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Law Firm Space Grows More Democratized: Q&A with Wright Heerema

As the law firm has evolved from its traditional operating model, the changes in how firms use their office space have reflected this. For an illustration of how these changes translate into office design, we tapped into the insights of one of Chicago’s leading interior design shops, Wright Heerema Architects. Here, the firm’s Scott Delano, Mel Chotiner and Samantha Shenk discuss Wright Heerema’s experience with designing Gould & Ratner’s new space at 222 N. LaSalle, along with more general trends.

Q: How is law office design changing as new generations enter the workforce?

Scott Delano, Mel Chotiner and Samantha Shenk: New generations and new technologies alike are democratizing space within law firms – and making it a lot more comfortable for all who work there. The rapid pace of technological innovation and ever-increasing connectivity demands are driving some of the biggest changes in law office design; it’s as much the technology as it is the new generations.
Shared spaces are not only tech-infused, but also include furniture and movable walls that mean one space can be a boardroom by day, an entertaining or networking space by night—or a case room when needed.

As Millennials earn their partnership stripes, many are seeking to be rewarded in other ways, rather than the proverbial corner office. As a result, office size is more equally distributed among the ranks, with natural light and amenities for all.

Q: What are specific office design details some law firms are implementing in Chicago?

Delano, Chotiner and Shenk: One office we designed recently comes with a kitchen that is keg-ready—not your grandfather’s law firm, to be sure. However, a more material trend is changing law firm spaces in a more significant way: the age of downsizing is over, replaced with a flight to quality.

For at least a decade ending in 2017, we were seeing law firms markedly downsize their space, realizing smaller footprints, in part, by digitizing files and significantly reducing or eliminating legal libraries. Today, most of those “digitization gains” have been realized.

When we designed the new space for Gould & Ratner, we replaced the “heaviness” of a traditional law office with access to natural light for the entire staff. Using grey and blue branded colors, internal offices with full-glass walls, and both a collaborative lounge area and cafe (yes, with a kegerator) that encourages further collaboration.

Q: What’s in store for the workplace of the future for law firms?

Delano, Chotiner and Shenk: Technology trends behind the scenes are beginning to influence the space itself. The legal environment is acutely aware of the impact of workforce trends and artificial intelligence (AI).

For example, as many paralegal tasks are replaced by AI, paralegals are being leveraged for more of their high-level tasks, and less for routine document preparation. Their role at the firm can be elevated in the process, and at the same time, they are offered improved office spaces, with more natural light.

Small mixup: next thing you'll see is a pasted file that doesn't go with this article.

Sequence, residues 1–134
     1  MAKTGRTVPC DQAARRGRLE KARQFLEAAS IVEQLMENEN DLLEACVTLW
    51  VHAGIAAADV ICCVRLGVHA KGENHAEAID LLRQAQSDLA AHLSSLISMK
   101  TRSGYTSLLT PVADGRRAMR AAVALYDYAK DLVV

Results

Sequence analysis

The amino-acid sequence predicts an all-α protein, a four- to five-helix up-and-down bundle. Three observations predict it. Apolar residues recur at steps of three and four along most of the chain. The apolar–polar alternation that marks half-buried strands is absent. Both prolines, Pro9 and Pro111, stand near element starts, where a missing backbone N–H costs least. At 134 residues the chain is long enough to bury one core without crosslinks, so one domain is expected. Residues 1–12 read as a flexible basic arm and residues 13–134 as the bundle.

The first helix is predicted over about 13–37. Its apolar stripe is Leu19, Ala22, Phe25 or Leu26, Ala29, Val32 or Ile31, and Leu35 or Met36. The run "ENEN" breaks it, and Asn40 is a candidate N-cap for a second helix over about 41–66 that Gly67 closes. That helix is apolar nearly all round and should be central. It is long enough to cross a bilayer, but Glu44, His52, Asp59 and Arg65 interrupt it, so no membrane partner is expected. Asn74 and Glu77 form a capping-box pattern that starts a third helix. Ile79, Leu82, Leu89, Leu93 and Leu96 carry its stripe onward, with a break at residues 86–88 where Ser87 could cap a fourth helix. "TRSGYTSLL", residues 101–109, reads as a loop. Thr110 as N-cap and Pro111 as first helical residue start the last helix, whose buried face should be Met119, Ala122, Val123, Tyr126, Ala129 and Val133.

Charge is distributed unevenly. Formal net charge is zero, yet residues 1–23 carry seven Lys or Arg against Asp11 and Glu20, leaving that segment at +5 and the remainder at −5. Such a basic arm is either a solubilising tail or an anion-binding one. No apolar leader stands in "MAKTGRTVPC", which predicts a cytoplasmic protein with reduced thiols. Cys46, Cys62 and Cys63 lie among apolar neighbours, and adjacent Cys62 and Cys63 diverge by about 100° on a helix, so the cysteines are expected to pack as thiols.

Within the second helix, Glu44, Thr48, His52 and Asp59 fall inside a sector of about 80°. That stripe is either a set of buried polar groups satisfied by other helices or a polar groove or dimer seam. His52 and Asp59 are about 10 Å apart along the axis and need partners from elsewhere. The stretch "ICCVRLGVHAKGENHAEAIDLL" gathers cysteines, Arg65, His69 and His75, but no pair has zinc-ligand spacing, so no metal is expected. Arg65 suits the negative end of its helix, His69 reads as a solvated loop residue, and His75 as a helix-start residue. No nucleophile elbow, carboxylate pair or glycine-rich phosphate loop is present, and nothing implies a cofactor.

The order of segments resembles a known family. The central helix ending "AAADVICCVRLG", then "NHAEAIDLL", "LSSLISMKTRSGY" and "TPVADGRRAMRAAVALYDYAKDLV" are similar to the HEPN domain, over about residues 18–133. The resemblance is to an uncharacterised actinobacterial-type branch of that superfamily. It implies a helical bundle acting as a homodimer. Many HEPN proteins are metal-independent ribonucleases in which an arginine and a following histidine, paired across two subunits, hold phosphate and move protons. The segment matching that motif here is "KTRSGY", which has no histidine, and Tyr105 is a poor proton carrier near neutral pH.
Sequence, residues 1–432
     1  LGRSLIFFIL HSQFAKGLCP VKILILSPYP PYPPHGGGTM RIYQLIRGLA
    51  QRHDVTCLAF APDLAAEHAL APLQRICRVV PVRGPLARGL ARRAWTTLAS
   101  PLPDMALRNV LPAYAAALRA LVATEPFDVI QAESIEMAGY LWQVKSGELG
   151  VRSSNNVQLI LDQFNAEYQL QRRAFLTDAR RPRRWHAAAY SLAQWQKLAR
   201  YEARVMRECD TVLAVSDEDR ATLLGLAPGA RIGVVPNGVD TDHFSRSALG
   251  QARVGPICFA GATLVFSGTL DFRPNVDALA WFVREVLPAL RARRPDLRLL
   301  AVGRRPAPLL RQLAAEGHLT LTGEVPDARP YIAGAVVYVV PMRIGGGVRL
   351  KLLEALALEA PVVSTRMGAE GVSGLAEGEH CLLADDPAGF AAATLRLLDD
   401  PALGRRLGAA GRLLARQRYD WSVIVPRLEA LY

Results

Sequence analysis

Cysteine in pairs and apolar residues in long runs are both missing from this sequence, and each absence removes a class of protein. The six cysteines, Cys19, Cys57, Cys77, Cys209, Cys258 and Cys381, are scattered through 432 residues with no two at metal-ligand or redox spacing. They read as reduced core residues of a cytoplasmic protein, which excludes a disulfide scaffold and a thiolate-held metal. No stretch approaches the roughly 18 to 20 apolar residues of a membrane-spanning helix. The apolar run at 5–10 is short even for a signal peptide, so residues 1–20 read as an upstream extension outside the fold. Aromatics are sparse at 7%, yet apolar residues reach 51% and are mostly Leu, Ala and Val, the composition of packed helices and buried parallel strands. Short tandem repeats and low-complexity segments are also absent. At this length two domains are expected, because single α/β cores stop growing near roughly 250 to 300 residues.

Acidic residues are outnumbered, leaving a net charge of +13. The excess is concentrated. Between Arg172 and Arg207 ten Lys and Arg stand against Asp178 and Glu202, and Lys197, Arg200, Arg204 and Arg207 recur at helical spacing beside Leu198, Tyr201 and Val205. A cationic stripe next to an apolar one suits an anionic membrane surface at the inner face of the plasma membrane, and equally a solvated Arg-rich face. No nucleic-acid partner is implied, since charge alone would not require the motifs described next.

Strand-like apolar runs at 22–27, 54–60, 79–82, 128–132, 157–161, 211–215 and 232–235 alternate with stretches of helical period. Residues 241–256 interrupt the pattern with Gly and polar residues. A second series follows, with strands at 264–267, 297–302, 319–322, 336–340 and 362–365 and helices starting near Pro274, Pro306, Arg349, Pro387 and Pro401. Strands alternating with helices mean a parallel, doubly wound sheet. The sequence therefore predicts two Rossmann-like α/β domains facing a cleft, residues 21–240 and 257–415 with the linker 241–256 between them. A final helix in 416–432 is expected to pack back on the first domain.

Another trend: workers in law firm spaces are less and less likely to be employed by the firm full-time either by choice or changing demands of the profession. Law firms are utilizing more freelance and contract knowledge workers, and the spaces are reflecting this need for flexibility as ad-hoc team spaces.

Pictured: Scott Delano (at top), Mel Chotiner (above left) and Samantha Shenk (above right)

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About Paul Bubny

Paul Bubny serves as Senior Content Director for Connect Commercial Real Estate, a role to which he brings 13-plus years’ experience covering the commercial real estate industry and 30-plus years in business-to-business journalism. In this capacity, he oversees daily operations while also reporting on both local/regional markets and national trends, covering individual transactions across all property types, as well as delving into broader subject matter. He produces 15-20 daily news stories per day and works with the Connect team and clients to develop longer-form content, ranging from Q&As to thought-leadership pieces. Prior to joining Connect, Paul was Managing Editor for both Real Estate Forum and at American Lawyer Media, where he oversaw operations at both publications while also producing daily news and feature-length articles. His tenure in B2B publishing stretches back into the print era, and he has served as Editor in Chief on four national trade publications. Since 1999, Paul has volunteered as the newsletter editor of passenger rail advocacy groups (one national, one local).

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